Matrices

This is a discussion on Matrices within the C Programming forums, part of the General Programming Boards category; Hi, I'm working on multiplying matrices for homework and I'm stuck for a long time. This is my assignment: {x}(n+1) ...

  1. #1
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    Matrices

    Hi,

    I'm working on multiplying matrices for homework and I'm stuck for a long time. This is my assignment:

    {x}(n+1) = [K] {x}(n), n = 0,1,2, ... ,8,9.

    In other words, the next vector {x} is equal to the product of [K] and
    the current vector {x}.


    I have the basic program already but I couldn't get it to multiply the current matrix. Instead, it would only multiply the initial matrix.

    Part I'm stuck on:

    Code:
    for(n=1; n<=10; n++)
    { 
    printf("\nNew Vector:\n");
    printf("y[%d] : [", n);
    matrix_mult(K, x, y, 4);
    printf(" ]\n"); 
    
    }
    K and x are the matrices I have to multiply together (they're already defined), y is the resulting matrix. I don't know how to make it so that the program will take K*y next instead of K*x(0). Please help?

  2. #2
    Frequently Quite Prolix dwks's Avatar
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    So, basically, you need to assign y to x for the next iteration of your loop?

    Well, doing that depends on what type x and y are (assuming they're the same type, of course). If they're arrays, you can use memcpy() like so:
    Code:
    int newarray[3][3], array[3][3] = { {1, 2, 3}, {4, 5, 6}, {7, 8, 9} };
    memcpy(newarray, array, sizeof(array));
    dwk

    Seek and ye shall find. quaere et invenies.

    "Simplicity does not precede complexity, but follows it." -- Alan Perlis
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    Thanks for helping.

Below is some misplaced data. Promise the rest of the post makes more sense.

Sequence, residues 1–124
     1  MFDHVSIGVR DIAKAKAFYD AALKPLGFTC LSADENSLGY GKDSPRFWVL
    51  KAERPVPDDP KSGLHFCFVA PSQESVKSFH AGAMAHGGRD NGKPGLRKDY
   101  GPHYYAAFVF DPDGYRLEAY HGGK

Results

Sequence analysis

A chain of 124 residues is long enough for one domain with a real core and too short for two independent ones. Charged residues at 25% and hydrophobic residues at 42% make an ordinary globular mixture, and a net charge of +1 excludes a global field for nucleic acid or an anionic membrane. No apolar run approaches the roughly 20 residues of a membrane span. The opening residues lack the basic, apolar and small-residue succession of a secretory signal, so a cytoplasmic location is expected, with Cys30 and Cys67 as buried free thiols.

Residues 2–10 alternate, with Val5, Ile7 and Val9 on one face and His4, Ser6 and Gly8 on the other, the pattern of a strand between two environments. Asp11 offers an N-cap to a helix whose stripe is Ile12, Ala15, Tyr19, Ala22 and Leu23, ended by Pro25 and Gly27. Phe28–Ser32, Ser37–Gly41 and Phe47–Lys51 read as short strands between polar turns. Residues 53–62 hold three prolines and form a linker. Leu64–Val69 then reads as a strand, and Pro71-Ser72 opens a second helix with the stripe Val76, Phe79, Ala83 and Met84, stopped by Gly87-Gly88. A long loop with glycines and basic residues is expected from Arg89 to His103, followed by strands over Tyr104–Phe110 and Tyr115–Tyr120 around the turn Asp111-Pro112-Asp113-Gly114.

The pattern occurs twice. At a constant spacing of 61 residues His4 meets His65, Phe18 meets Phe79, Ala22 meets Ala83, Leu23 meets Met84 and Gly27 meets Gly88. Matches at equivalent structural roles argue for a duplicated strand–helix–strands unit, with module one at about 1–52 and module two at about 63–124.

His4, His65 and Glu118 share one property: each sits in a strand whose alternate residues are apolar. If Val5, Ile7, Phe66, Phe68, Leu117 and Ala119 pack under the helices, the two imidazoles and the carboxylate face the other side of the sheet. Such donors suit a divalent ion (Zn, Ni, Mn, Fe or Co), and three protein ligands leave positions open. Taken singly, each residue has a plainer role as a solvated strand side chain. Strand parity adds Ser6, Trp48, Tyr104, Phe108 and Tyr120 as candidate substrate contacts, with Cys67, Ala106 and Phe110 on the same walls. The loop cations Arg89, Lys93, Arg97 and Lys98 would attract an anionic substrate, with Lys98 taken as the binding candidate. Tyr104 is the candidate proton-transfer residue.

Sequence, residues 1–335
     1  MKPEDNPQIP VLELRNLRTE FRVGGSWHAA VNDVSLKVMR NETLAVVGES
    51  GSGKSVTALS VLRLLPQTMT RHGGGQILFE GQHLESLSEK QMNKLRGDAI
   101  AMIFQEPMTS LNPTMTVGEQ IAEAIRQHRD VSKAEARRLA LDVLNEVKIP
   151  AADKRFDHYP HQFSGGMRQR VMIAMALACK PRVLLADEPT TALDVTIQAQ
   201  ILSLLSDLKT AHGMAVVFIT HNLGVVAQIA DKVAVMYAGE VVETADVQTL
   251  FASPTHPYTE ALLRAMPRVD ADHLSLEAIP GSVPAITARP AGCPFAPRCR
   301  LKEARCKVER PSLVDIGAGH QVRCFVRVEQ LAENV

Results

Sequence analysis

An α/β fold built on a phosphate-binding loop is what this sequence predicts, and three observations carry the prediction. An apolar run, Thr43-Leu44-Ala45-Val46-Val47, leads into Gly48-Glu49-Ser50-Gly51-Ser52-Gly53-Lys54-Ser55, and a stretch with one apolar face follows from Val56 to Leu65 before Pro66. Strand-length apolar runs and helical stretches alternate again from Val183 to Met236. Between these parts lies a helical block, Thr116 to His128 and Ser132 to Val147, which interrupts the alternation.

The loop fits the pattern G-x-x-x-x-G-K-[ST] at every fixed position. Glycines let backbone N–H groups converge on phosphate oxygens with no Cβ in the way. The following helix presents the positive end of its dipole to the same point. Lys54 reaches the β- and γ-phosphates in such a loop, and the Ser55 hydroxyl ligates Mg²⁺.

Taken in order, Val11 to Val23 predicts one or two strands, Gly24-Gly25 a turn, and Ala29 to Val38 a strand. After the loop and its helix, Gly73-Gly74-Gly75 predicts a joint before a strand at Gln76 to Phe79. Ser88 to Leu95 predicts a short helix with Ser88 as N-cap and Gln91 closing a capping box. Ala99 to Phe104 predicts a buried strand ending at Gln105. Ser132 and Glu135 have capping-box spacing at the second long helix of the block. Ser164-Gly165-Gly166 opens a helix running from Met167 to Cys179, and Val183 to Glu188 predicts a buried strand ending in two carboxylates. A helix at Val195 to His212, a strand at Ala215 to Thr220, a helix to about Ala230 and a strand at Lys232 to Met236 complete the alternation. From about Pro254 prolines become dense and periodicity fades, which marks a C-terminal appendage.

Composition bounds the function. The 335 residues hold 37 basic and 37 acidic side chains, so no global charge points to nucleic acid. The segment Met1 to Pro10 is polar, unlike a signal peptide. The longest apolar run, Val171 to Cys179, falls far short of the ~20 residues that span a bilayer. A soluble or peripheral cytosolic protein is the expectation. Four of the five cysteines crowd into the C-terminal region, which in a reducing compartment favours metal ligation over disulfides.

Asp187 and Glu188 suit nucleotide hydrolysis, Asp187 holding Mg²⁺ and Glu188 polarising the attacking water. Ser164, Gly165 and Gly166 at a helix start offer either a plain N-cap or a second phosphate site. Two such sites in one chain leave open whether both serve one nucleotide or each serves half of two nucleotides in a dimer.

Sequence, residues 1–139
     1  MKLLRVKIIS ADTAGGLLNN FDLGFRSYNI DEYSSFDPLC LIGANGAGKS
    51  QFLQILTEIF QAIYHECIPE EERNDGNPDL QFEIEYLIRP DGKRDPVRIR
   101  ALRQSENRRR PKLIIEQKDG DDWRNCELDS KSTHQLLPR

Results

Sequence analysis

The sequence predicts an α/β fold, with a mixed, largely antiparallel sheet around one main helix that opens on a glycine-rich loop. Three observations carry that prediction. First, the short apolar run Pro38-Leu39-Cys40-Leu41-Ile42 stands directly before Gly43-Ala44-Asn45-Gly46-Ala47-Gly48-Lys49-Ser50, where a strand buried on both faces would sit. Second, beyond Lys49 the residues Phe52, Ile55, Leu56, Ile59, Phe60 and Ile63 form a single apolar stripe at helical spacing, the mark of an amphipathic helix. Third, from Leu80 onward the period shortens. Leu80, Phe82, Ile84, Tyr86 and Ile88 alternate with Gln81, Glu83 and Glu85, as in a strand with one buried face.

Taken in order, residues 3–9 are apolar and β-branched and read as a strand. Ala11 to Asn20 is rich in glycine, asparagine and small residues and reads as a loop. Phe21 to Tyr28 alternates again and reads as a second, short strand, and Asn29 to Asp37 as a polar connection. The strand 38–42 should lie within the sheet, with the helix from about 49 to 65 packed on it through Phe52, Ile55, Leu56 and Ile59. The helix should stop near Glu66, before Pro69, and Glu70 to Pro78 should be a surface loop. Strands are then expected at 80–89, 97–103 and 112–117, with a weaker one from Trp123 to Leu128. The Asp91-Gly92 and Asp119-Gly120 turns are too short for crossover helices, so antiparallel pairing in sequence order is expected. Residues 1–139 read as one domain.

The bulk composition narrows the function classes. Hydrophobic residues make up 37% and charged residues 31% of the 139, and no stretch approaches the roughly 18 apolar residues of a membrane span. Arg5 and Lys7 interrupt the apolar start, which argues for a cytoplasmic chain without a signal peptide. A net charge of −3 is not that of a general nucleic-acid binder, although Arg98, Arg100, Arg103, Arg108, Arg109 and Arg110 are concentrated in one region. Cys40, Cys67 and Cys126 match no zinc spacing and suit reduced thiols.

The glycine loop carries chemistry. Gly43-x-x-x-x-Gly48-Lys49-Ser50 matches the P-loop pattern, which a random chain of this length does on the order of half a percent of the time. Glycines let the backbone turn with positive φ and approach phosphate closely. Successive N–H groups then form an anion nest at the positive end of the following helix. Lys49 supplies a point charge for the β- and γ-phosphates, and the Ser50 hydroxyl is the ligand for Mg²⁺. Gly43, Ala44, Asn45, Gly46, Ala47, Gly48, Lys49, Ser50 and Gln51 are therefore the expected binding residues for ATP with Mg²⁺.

Yes! I need to assign y to x for the next loop. And yes, they're arrays. But is there another way to do it? I haven't seen memcpy() before so I don't know if that's allowed on the homework.

  4. #4
    Frequently Quite Prolix dwks's Avatar
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    Well, you could always just use a for loop, or a nested for loop for a two dimensional array, which is what I'm assuming your array is:
    Code:
    int newarray[3][3], array[3][3] = { {1, 2, 3}, {4, 5, 6}, {7, 8, 9} };
    int x, y;
    
    for(x = 0; x < 3; x ++) {
        for(y = 0; y < 3; y ++) newarray[x][y] = array[x][y];
    }
    or even
    Code:
    int newarray[3][3], array[3][3] = { {1, 2, 3}, {4, 5, 6}, {7, 8, 9} };
    int x, y;
    
    for(x = 0; x < sizeof(array)/sizeof(*array); x ++) {
        for(y = 0; y < sizeof(*array)/sizeof(**array); y ++) newarray[x][y] = array[x][y];
    }
    But wait, let me guess. You haven't covered sizeof() . . .
    dwk

    Seek and ye shall find. quaere et invenies.

    "Simplicity does not precede complexity, but follows it." -- Alan Perlis
    "Testing can only prove the presence of bugs, not their absence." -- Edsger Dijkstra
    "The only real mistake is the one from which we learn nothing." -- John Powell


    Other boards: DaniWeb, TPS
    Unofficial Wiki FAQ: cpwiki.sf.net

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    Projects: codeform, xuni, atlantis, nort, etc.

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    I've seen sizeof() already but sorry I forgot to tell you that x and y are both one dimensional array. I tried to modify what you gave me, however, it's not working. I'm still getting the same answer before--K*x(0) instead.

  6. #6
    Frequently Quite Prolix dwks's Avatar
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    Well, for one dimensional arrays, it's quite simple.
    Code:
    int newarray[9], array[9] = {1, 2, 3, 4, 5, 6, 7, 8, 9};
    int x;
    
    for(x = 0; x < sizeof(array)/sizeof(*array); x ++) {
        newarray[x] = array[x];
    }
    dwk

    Seek and ye shall find. quaere et invenies.

    "Simplicity does not precede complexity, but follows it." -- Alan Perlis
    "Testing can only prove the presence of bugs, not their absence." -- Edsger Dijkstra
    "The only real mistake is the one from which we learn nothing." -- John Powell


    Other boards: DaniWeb, TPS
    Unofficial Wiki FAQ: cpwiki.sf.net

    My website: http://dwks.theprogrammingsite.com/
    Projects: codeform, xuni, atlantis, nort, etc.

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